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How gun accessories called bump stocks ended up before the U.S. Supreme Court

Associated Press

Gun accessories known as bump stocks hit the market more than a decade ago. The U.S. government initially concluded that the devices that make semi-automatic weapons fire faster didn’t violate a federal ban on machine guns. That changed after a gunman with bump stock-equipped rifles killed 60 people and wounded hundreds in Las Vegas in 2017. It was the deadliest mass shooting in modern U.S. history. Now a federal ban on bump stocks imposed under then-President Donald Trump is before the U.S. Supreme Court. The justice heard arguments Wednesday in a lawsuit by a Texas gun store owner who says the government overstepped its authority.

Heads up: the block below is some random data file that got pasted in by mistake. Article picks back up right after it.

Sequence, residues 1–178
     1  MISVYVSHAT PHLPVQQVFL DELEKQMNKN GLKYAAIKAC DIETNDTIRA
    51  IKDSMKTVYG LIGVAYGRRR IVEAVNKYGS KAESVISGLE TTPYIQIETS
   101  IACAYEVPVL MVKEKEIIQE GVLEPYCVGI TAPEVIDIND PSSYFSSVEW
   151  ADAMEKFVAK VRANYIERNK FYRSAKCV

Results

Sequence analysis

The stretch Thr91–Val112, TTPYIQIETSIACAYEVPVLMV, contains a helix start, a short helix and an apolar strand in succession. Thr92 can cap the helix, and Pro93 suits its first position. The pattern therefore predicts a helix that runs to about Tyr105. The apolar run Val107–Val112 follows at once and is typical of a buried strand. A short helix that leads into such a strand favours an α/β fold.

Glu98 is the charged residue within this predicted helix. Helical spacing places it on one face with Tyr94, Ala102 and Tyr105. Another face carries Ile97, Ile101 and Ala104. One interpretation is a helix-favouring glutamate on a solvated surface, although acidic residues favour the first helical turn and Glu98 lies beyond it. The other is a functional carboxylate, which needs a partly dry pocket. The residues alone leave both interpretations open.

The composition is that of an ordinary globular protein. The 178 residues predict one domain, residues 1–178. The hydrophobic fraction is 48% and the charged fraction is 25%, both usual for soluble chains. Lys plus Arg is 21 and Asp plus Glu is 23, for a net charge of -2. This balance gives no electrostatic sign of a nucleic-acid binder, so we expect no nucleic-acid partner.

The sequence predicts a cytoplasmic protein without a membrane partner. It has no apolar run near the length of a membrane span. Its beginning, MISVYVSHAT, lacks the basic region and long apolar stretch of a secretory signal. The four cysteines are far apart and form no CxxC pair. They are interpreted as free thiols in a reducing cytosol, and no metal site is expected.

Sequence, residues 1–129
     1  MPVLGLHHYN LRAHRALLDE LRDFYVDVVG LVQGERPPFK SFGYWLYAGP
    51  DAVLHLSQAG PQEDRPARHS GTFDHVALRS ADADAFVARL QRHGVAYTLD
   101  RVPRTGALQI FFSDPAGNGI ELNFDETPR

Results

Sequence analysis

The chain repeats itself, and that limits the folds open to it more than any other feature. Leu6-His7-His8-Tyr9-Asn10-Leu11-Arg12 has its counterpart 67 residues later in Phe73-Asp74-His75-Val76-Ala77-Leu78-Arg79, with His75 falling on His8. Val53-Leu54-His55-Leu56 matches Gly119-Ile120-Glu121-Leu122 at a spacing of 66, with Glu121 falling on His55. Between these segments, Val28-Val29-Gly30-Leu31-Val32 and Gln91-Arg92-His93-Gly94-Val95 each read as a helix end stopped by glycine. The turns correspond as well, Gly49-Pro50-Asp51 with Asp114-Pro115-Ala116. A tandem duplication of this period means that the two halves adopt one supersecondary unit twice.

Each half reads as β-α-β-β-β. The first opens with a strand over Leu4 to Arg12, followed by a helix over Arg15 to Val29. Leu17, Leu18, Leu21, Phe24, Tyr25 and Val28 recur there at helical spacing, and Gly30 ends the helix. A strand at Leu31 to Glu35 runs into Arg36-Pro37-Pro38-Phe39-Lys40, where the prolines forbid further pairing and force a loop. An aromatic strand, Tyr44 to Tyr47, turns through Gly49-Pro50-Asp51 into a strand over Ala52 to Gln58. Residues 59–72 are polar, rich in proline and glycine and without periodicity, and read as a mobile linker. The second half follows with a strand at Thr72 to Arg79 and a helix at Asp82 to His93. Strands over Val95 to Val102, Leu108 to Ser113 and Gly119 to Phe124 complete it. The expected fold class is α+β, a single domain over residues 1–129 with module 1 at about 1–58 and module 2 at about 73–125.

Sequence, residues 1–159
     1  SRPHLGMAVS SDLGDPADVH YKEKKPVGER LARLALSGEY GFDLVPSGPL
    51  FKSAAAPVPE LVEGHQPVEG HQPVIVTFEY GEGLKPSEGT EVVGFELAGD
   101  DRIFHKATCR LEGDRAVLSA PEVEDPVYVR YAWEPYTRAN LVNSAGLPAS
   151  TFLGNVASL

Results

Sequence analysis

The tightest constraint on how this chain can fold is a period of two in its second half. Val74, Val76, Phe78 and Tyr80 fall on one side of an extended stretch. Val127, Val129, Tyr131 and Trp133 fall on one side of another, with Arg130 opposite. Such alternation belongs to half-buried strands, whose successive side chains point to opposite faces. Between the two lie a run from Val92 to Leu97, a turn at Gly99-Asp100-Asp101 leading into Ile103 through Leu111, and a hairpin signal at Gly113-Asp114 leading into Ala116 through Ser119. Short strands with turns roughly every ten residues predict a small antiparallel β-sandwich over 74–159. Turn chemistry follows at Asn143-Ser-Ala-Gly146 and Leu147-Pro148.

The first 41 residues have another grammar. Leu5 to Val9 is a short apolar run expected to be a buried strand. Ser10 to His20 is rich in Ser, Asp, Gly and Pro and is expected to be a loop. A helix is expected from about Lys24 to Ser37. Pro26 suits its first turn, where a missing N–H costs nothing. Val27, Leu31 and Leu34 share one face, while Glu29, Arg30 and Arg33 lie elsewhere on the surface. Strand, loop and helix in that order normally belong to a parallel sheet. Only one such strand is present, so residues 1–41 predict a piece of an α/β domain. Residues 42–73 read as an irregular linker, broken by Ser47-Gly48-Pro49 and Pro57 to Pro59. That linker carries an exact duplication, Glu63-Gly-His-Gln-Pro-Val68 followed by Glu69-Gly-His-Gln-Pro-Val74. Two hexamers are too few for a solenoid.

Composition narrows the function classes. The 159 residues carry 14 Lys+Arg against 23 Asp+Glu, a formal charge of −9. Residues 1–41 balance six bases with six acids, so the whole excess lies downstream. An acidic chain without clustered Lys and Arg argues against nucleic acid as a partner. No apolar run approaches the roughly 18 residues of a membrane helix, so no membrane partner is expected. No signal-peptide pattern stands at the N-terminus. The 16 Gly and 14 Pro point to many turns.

Article Topic Follows: AP National

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Associated Press


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